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The Buckhorn

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Missing smiling face of my friend, Steve


By Donald K. Sanders
Recently I took a trip up to where two rivers (the Klamath and the Trinity) merge into one near the small town of Weitchepec, California. There are people up there that I love dearly, inlaws you see, and wood folk. We talked about my friend Steve Shafer who had stood on that very spot just a year or so earlier. They were surprised to hear that he had passed away recently after a short bout with cancer. They remembered him well.
I guess I hadn’t finished grieving yet because after we talked, I couldn’t get my friend out of my mind. As our little family group sat discussing Steve, I found myself lost in thought with the wind whispering through the leaves of the trees above the river. I thought about what a good friend he had been. There was no one like him that I know of. Oh, I have other friends and they are dear to me, but they are not like Steve.
Steve was a righteous dude. He was a man’s man, but very kind and gentle for the large man that he was. If I think really hard, I can
remember only one time that I ever saw him angry. That was the time his wife Kellie justifiably threw me out of their yard, for I had been a capital-A ass. I thought Steve was going to poke me in the nose but he didn’t have the heart to hit someone that was as depressed as I was at the time. Steve had a heart as big as California.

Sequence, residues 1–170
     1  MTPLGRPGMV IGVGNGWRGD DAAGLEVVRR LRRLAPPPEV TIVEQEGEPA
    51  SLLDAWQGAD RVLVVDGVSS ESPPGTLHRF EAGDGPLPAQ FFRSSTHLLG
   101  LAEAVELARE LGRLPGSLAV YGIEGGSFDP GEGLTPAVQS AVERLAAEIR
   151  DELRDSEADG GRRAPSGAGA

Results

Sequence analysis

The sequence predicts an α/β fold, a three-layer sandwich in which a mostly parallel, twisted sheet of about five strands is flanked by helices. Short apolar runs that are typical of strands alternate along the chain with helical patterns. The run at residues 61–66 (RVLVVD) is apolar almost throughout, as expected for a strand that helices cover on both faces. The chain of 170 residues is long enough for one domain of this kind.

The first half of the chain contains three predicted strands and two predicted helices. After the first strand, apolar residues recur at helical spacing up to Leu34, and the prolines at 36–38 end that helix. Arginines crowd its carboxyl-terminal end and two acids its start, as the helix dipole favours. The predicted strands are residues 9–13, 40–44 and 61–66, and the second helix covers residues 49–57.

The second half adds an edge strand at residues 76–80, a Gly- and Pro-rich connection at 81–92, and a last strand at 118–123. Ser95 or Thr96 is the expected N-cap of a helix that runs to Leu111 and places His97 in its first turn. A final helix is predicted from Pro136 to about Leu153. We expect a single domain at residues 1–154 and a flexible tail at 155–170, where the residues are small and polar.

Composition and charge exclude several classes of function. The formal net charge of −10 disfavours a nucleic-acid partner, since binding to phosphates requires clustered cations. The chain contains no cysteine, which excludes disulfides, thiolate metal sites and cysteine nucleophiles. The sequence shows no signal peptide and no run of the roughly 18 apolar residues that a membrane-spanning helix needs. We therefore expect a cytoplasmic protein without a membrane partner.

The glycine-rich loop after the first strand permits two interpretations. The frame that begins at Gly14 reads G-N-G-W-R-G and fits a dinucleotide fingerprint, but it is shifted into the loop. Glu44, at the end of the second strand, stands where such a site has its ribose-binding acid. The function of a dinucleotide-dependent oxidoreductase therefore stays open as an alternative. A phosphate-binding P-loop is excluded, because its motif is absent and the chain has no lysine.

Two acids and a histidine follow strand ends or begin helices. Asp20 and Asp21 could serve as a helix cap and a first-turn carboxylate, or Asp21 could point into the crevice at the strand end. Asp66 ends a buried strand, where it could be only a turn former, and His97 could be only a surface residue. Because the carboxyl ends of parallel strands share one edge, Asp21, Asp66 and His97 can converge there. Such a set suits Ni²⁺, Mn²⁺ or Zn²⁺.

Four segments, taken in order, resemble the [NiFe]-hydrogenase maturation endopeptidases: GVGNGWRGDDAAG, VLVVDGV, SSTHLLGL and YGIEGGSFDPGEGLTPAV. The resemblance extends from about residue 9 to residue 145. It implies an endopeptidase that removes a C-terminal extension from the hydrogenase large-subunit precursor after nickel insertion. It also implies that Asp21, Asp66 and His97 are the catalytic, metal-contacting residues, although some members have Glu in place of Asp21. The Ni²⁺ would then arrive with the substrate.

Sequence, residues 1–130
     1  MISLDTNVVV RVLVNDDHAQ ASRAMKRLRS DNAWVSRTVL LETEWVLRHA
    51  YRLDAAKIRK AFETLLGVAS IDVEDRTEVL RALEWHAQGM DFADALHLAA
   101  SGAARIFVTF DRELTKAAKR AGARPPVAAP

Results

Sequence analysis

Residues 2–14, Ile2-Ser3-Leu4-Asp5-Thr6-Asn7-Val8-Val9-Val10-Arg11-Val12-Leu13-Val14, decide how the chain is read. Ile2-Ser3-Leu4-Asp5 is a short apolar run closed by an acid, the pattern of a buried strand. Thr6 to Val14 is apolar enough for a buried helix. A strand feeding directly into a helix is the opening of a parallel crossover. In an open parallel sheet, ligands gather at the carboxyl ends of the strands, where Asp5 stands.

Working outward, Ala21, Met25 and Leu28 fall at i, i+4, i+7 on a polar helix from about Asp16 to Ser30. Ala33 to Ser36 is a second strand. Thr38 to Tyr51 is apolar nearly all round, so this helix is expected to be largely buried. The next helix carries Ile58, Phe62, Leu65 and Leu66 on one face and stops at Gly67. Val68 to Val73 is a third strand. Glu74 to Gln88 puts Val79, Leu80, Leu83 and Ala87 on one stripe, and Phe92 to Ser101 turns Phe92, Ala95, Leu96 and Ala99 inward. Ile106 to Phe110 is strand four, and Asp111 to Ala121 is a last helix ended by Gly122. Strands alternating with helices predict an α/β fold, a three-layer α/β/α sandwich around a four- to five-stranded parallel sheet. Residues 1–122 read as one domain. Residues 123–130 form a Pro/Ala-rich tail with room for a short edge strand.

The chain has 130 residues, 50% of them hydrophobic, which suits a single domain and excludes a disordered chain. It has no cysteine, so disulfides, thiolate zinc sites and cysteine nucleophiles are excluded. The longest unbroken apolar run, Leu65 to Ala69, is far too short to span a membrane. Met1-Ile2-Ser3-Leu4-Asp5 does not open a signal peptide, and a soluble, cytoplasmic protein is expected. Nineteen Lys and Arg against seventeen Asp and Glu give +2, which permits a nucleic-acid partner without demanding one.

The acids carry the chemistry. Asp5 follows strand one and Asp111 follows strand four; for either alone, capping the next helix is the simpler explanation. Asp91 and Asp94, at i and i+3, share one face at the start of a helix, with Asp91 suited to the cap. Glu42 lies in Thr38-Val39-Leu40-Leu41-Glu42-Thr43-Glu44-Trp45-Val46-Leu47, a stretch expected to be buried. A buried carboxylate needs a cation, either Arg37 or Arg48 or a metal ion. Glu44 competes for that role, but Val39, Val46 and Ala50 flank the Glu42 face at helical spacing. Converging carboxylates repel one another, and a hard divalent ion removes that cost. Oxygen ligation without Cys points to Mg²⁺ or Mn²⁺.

I will never know why Steve thought of me as a friend because he didn’t like negative people and I always looked at the worst of everything and I expected the worst from everyone and I usually got it too. Steve, I found to be the
exception, for he was so simple, not of mind, but of nature. Steve did not complicate things like most people do.
He could take a joke like no other man that I know. On the trip to Weitchepec a year or so ago, I rubbed black ash on the viewfinders of my binoculars and Steve walked around all day with black circles around his eyes after looking through them. When he found out what everyone was laughing at he just smiled and forgot about it.
Another joke I pulled on Steve during that trip to the woods was when I asked him to throw a rock into a cave so I could get a picture. I didn’t tell him it was a cougar’s cave and the picture came out blurry because I was running away and laughing so hard. He was a funny guy.
Really, the only thing he was touchy about was his fossil rocks, or rocks that resembled some dead animal. He kept track of each one and should one go missing, he’d go looking for it again until he found it. Steve had so many rocks that when he moved to a new house, there were eight trailer loads of rocks to move. I have never moved so many rocks in my life and Steve kept an eye on me the whole time.
Steve is gone now, and I can’t tell you how much I miss his smiling face. While driving home today I listened to an Alison Krauss song called “A way down the River.” The words are exactly like something Steve would say:
“I’m just a way down the river
A hundred miles or more
Crossing over Jordan
To the other shore
I’ll be standing waiting
With all who’ve gone before
I’m just away down the river
A hundred miles or more
Now the pictures on the wall
Will help you to recall
They’re not there to make you sad
But to remember all the good times we had.”
Steve, I miss you, bud, and I hope I’ll see you again soon.